How to Ensure Your EHR Achieves Interoperability
EHR interoperability continues to be a point of contention in the United States, particularly with lawmakers. In December 2014, Congress passed the 2015 Omnibus Appropriations bill which allows ONC to decertify products that do not permit patient information sharing as outlined in Meaningful Use. A second bill was recently introduced in Congress, again with the goal of putting pressure of healthcare providers to meet interoperability standards. The bill outlines three EHR qualifications:
1. Allowing authorized users complete, open access to all of a patient’s data within an EHR
2. Prohibiting the need for multiple interfaces by providing authorized users with needed information through one location
3. And allowing users to share information with other EHR systems
What steps can your practice take during EHR selection and implementation to meet these requirements?
Test EHR Across Departments
Not every EHR is created equally, as evidenced by the different bills moving through Congress. Your practice should test the waters: find 2-3 EHR vendors that meet your requirements and test them out. Obviously, having the entire practice test the system is impractical. Instead, you should conduct the test with a member of each department (a nurse, a front office administrator, a biller, etc.).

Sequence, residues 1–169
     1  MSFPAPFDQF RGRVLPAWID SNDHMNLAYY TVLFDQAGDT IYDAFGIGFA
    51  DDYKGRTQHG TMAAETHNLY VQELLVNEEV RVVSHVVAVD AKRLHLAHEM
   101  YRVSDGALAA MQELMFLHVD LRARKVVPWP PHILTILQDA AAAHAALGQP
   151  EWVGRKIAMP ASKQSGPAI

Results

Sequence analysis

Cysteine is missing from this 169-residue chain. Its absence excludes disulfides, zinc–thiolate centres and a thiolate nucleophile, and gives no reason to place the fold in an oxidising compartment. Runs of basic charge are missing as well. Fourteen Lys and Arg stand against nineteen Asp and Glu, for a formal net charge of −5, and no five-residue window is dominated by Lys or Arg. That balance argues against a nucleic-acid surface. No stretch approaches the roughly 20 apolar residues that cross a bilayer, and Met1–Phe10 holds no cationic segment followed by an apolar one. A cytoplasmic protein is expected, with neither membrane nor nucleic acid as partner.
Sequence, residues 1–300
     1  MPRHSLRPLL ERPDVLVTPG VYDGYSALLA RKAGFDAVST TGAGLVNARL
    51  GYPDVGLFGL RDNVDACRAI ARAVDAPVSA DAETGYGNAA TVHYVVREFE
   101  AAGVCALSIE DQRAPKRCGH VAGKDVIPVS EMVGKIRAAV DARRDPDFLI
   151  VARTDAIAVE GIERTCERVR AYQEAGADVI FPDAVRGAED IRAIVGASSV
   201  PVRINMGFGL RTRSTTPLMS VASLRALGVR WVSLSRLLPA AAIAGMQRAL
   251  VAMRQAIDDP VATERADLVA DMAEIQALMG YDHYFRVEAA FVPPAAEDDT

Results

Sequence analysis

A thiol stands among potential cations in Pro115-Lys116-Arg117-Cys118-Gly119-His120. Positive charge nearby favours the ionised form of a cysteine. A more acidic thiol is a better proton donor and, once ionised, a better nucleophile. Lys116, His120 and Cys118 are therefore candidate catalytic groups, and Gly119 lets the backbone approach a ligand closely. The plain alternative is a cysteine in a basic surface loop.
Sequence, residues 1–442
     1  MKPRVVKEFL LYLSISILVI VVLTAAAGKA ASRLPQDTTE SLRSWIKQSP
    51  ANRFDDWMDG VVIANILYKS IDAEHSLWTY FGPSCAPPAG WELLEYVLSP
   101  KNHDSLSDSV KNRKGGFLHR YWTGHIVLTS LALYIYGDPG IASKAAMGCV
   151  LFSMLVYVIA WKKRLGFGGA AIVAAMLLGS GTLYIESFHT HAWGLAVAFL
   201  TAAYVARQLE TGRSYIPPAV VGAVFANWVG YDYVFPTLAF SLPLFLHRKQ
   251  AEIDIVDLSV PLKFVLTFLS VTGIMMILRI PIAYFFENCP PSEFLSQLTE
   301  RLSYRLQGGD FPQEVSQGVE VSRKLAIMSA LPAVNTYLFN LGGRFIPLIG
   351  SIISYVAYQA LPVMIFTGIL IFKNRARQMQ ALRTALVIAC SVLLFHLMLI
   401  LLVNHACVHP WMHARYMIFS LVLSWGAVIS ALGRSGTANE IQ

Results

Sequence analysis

This process will provide insight into whether the EHR in question will allow complete access to different users, prohibit different interfaces in different departments, or allow your office to share information with another EHR system. Testing different EHR systems will also give you an insight into how the system fits with your existing practice workflow.
Perform a Multi-Step EHR Implementation
One important step to take during EHR selection and implementation is to ensure your chosen vendor can provide adequate support and training during each step of the EHR implementation. Multiple testing and training phases lead to a positive EHR implementation experience, so make sure your practice and your chosen EHR vendor are prepared for all steps of the process, from pilot testing, to training, to mock go-lives.
Multiple testing and training phases lead to a positive EHR implementation experience
The goal during these phases is to establish processes which will meet EHR interoperability requirements including being able to share patient information. If your practice cannot migrate data from your previous system or your paper charts easily, then the tested EHR misses the mark.
It is also important to test your EHR by sending information to another practice’s EHR, or perhaps to a pharmacy, to ensure that the EHR allows the sharing of patient data in a secure manner. Remember, although your practice is trying to meet new requirements, HIPAA is still law and PHI and PII must be protected.
Examine Data Access Across Departments
Finally, can different users from different departments access the same information from one place or must they move around a practice or use other HIT systems? Implementation is the time to test these areas and work with the vendor to correct the problems or tailor the user roles or interfaces to meet your practice’s needs.
Do not settle for less than your current or future requirements of EHR. Anticipate the strictest regulations to keep your practice ahead of Congressional changes in EHR interoperability requirements; doing so will prevent possible expense in the future.
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